My Italian Diary: Home
After a long road of scattered rain, many espresso, and sore muscles, we started to see sure signs of our return. Bright green rolling hills, milk trucks for the parmigiano, scents of lavender — all clear indicators for me that our trip is over, but our journey is really just beginning. We’re home. I’m still unsure of what that means exactly…home. I feel an overwhelming happiness and excitement for my “new life,” but I’m struggling inside that my family is not close by. I wrap my arms tightly around Davide as we take final stretch of asphalt to our home. The sunset kissed the horizon while the dogs across the street were barking vehemently from our unfamiliar scent. Kaki fits perfectly in our new garage. The stairs are perfectly steep, and we smile as we no longer need to climb four stories of them.
Davide opens the door. There reveals our new apartment — a new beginning…a place to get to know one another in a different way, and to grow together. Pristinely painted walls, tall doors leading out to our balcony where Davide has already activated his green thumb, and gorgeous wood furnishings from our stylish landlords. We immediately started rearranging all of the furniture to match our flow. The big red couch, worn and tethered, and with proper Italian coverings has become our lab for brainstorming new designs. This is our third apartment together, and knowing it won’t be our last, we still started making it feel like home.
I know in my mind that he wants to do whatever it takes to make me feel comfortable. We knew that my homesickness was going to hit sooner or later, but something Davide has taught me is to just live in the moment. I value that so much. I’m so conditioned to living in a city where you need to think 10 steps ahead to survive, so having a calming, and supportive energy around me has helped me in more ways than I think I can ever understand.
A week flew by, and I received my first teaching schedule. There were only eight hours for the entire first two weeks. Being so tapped for money, I reached out to the director of the school politely asking for an explanation. In my contract, it was promised a minimum amount of money per month, which those eight hours would certainly not cover. She responded, “have patience.” I lost it. It’s not a matter of “patience,” it’s a matter of my financial stability in this new country. I began my lessons anyhow with no other choice. My students adore me, and I truly enjoy teaching…I just feel limited. I feel limited financially, but also creatively. We had been planning this job, and this life for over 6 months and it feels like it’s all crumbling.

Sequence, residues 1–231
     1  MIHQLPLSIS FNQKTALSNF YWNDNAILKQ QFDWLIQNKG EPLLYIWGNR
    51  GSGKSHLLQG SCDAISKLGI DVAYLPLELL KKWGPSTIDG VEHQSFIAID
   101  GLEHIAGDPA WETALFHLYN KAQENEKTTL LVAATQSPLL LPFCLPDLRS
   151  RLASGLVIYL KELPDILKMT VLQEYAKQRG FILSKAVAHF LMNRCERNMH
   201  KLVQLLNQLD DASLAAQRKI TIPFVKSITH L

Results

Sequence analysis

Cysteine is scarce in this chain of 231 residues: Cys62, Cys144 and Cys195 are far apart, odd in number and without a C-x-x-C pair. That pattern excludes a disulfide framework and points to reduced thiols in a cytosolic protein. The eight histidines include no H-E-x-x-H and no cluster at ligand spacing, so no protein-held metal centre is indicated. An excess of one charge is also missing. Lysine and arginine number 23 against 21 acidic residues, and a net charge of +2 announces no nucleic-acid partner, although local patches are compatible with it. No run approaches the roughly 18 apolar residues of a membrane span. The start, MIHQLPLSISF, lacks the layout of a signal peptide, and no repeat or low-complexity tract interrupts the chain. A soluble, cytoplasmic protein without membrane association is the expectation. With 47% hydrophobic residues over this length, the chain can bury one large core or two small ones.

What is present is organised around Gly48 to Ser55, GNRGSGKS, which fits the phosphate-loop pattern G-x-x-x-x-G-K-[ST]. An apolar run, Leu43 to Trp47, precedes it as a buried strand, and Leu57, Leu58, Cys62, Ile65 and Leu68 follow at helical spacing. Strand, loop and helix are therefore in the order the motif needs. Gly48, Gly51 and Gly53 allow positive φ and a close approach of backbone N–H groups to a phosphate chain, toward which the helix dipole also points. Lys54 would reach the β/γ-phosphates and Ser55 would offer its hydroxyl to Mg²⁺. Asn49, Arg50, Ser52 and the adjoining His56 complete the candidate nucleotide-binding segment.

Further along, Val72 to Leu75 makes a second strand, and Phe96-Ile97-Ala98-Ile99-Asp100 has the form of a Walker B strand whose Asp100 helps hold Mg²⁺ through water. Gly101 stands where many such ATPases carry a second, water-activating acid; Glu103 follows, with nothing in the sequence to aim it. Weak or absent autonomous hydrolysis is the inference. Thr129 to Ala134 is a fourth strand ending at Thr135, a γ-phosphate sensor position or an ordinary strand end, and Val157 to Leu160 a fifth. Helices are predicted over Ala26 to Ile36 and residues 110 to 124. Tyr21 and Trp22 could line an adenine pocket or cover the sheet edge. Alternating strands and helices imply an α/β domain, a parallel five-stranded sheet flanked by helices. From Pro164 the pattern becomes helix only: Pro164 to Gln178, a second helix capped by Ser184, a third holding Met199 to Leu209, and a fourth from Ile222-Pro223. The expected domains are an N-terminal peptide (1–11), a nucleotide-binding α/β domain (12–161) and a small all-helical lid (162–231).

I sat on our big red couch with my face buried tightly in my hands and tears escaping quickly through every curve of my fingers repeatedly whispering, “what have I done?” Davide held me to closely that I could feel his heart aching for me. He feels responsible, like he took me here away from my family. It couldn’t be further from the truth, and I couldn’t bare the idea of him feeling that way. I cleaned myself up, and headed to the park to look for new jobs. We’re still without internet, so the park is our go-to for free connection (irony?). I applied to every chef position, and every video position I could find. I’m not going to let one thing get me down. It’s going to be alright, I know it. This is something I’ve wanted to do my entire life. I’m not going down easily. I’m embarrassed to tell my parents for the ‘I told you so’’s, and questions like, “so when are you coming back?” I call them every day, so I couldn’t hide this for long. To my surprise, they encouraged me to keep looking and reminded me that this is a part of life, but it will get better — I just have to make it better.
Working and interviewing in another language is a whole new beast for me, and I’m honestly scared. But I know I have to put my fears and anxieties behind me not just for me, but for Davide. He’s always here for me to keep me grounded and loved. I swear, I fall in love with him again every day. It’s in these moments where I realise that I feel at home wherever I am as long as he’s there.
Within 48 hours, I received 4 interviews. Maybe they’re curious about what kind of crazy person would move from New York City to San Polo d’Enza, or they’re genuinely impressed with my portfolio. Either way, I’m going to prove to myself that I’m strong and it will get better.